Government, industry and educators: get fit for the future of engineering

Government, industry and educators - get fit for the future of engineering

Changes in engineering technology coupled with shifting commercial and social demands is creating major risks and opportunities for the business community. Similarly, policy makers, industry bodies and educators are not immune. While some of the most profound consequences may not impact for several years, the time required to achieve institutional and organisational change demands action is taken today.

Policy makers mustn’t impede public value creation

Entirely different capabilities and business models are emerging for delivery of engineered outcomes. Consulting and design services are being outsourced, crowd-sourced and automated, construction is starting to look more like manufacturing, and operations can be more data intense, integrated and personalised. Public policy makers and regulators can’t assume that traditional planning, financing, procurement and delivery models will remain fit for purpose or deliver maximum public value.

The emergent ways of working not only alter how public infrastructure and services are delivered, but also what can be delivered. Collaborative (multi-stakeholder) design practices influence who’s engaged, improve the application of information, resources and authority, and enhance the inventiveness of and support for solutions. Policy makers need to catch up with these shifts, with a stronger focus on social outcomes (versus outputs) and a heightened ambition to better match the potential of collaborative action.

Of course, there’s a need to avoid being seduced by sophisticated technology. It has to work for society, not the other way around. High-tech solutions have their place, but simpler, more elegant engineering solutions may often be more cost effective, durable and robust [1]. Whatever solutions are adopted, it’s likely that governments will need to ensure their service providers enable greater inter-operability within and across service systems and infrastructure.

Ultimately, foreseeable changes in the practice and delivery of engineered solutions creates risk, complexity and uncertainty, at least in the transitionary phase. Some existing infrastructure assets and services could become outdated and uneconomic. Difficult decisions will need to be made, and no one expert or organisation should be relied upon for a safe answer. So earlier engagement, consolidation of multiple perspectives, and prototyping of solutions ahead of time will be central functions of an effective government.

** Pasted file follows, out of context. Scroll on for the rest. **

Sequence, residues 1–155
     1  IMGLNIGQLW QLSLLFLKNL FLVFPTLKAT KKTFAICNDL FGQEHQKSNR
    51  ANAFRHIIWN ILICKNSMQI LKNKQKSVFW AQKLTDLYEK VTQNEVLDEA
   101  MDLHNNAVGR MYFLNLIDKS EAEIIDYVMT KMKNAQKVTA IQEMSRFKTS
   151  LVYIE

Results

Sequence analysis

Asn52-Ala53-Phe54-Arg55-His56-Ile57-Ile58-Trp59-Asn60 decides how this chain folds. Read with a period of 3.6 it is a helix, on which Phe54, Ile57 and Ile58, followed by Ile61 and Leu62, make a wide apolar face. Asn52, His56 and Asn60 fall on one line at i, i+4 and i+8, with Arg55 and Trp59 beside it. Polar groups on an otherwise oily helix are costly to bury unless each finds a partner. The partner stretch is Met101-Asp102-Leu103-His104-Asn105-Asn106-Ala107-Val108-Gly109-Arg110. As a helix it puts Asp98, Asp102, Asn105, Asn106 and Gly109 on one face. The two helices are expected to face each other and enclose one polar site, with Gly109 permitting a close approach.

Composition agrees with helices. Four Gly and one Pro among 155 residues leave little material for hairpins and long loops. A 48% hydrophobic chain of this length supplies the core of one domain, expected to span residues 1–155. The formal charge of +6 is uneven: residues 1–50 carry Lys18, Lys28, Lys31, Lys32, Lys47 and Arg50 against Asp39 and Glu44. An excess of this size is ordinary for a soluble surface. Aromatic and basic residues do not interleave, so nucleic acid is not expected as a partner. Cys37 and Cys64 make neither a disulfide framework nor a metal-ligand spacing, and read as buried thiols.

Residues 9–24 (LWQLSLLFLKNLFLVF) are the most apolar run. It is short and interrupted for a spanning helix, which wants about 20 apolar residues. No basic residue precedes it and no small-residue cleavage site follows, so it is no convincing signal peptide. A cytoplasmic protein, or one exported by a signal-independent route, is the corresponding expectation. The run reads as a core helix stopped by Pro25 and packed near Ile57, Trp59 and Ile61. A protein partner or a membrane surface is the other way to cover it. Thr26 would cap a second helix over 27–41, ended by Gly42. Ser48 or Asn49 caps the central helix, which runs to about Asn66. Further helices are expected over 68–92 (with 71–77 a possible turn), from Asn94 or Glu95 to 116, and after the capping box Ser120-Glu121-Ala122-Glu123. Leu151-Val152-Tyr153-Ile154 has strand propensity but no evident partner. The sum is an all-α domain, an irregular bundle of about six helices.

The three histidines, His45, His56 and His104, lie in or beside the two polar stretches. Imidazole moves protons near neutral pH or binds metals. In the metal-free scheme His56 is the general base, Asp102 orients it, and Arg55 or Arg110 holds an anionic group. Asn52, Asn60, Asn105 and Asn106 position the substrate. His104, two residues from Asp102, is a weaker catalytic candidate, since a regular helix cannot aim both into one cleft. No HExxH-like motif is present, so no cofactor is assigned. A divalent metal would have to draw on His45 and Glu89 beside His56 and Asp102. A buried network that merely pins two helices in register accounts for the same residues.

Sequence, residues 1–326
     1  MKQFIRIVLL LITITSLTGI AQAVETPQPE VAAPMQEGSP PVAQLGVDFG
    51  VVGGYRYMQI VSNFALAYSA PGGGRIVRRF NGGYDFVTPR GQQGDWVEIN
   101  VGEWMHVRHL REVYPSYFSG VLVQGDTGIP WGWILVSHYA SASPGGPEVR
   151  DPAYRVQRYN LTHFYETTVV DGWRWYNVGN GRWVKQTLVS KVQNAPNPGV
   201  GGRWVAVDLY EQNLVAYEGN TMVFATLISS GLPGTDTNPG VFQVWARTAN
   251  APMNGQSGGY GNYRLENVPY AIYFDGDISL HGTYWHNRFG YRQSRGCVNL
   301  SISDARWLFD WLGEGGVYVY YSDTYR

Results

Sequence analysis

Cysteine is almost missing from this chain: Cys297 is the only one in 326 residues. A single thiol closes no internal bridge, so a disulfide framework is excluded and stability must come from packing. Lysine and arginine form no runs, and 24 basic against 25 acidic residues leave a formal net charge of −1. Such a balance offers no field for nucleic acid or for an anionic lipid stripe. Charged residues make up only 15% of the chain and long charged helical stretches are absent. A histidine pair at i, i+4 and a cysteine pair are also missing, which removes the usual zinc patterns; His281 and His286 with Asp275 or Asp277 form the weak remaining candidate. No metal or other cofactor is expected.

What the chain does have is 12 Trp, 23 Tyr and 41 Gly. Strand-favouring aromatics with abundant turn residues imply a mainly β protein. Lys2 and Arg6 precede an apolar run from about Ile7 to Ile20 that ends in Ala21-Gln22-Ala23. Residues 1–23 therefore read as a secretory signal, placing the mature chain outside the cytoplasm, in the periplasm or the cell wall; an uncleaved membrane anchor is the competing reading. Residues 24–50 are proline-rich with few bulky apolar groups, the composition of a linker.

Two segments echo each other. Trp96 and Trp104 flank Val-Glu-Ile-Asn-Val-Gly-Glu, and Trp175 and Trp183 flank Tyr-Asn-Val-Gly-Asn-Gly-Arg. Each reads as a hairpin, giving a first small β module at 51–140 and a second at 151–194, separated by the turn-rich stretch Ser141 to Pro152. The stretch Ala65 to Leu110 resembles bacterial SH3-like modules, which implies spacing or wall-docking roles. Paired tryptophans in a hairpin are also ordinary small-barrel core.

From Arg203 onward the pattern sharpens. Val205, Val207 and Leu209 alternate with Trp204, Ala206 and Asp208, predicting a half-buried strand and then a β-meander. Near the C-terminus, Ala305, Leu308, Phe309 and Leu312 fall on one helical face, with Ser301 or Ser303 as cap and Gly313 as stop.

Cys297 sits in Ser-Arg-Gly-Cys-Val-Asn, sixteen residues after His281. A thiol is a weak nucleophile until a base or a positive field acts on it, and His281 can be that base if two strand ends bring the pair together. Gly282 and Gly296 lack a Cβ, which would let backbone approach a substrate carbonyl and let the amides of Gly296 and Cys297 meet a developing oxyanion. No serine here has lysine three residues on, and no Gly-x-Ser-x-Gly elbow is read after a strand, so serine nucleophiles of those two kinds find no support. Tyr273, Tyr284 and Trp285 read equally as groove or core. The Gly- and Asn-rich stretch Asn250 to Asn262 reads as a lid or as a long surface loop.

Brokering the relationships and trust to aid progress

Industry bodies like Engineers Australia have related challenges and opportunities. Remaining relevant and valuable to their membership is paramount as a generation of older engineers retire and mid and early-career engineers experience challenges not faced by the profession before.

It also means constructing a new narrative around the role and importance of engineering to prospective graduates (particularly women) who can perceive engineers as ‘wrench monkeys’. With this comes a bigger role for professional bodies in reshaping university education, ensuring universities are providing contemporary courses, skills and delivery models.

Arguably one of the more challenging yet important roles will be in thought leadership and public advocacy roles, not as a lobbyist per se but a trustworthy voice. Technology and business model challenges have the potential to generate much improved social outcomes. Yet the benefits risk being unequally distributed, exacerbating current trends of inequity in economic and social participation. Ethical and moral issues will grow in importance, alongside the needs of public governors, business leaders and communities more generally for good advice on plausible, constructive development pathways.

Educators must invest in transition and renewal

As technology and artificial intelligence colonises rule-based analysis and more sophisticated tasks (like detailed engineering design), educators must determine what form of engineering education makes sense. It’s not just a question of technical knowledge but also the skills to succeed in a globalised work force. In research and product development, deep engineering skills will remain valuable. But in industry and consulting, business problem solving, design innovation and collaboration [2] are likely to be more important. Perhaps a bifurcation in engineering education will occur?

Engaging younger talent and creating more rounded engineers could be supported by bringing real-life case studies, social challenges and problem solving to the forefront of courses. Engineers and other professions are witnessing a blurring of roles particularly in consulting, but also in other organisations (like capital asset investors) that are recruiting engineers into their changing business models.

Ultimately, skills to work intimately with other professions, to think deeply and continue learning will be invaluable to many engineers facing the commoditisation of traditional tasks.

Of course this loop of interest and responsibility must close. Policy makers must actively support well-funded, high quality education, because it generates the intellectual capital, job security and resulting tax revenue the nation requires.

Innergise and beatonlive are collaborating to deliver a cutting-edge conference for executives and directors on engineering and the fourth industrial revolution. Further information on partners, speakers, and registration details are available here.

[1] N.S. Fleming (2015) Transformative Port Design, Case Study at Innergise Pty Ltd.

[2] N.S. Fleming (2016) The missing key: unlocking high value infrastructure by design, Innergise Pty Ltd, Melbourne.